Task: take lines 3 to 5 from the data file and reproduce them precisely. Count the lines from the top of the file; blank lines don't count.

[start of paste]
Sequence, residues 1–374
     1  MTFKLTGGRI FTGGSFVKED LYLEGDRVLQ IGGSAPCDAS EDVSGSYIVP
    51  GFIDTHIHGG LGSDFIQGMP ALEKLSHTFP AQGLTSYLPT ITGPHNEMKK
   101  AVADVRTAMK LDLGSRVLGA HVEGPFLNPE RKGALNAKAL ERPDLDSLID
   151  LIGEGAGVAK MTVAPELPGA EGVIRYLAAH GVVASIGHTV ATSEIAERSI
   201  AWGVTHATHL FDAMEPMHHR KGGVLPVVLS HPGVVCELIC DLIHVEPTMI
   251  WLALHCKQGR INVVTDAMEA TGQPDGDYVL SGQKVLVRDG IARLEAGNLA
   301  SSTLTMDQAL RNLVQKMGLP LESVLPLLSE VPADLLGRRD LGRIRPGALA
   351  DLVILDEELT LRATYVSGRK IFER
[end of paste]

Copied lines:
    51  GFIDTHIHGG LGSDFIQGMP ALEKLSHTFP AQGLTSYLPT ITGPHNEMKK
   101  AVADVRTAMK LDLGSRVLGA HVEGPFLNPE RKGALNAKAL ERPDLDSLID
   151  LIGEGAGVAK MTVAPELPGA EGVIRYLAAH GVVASIGHTV ATSEIAERSI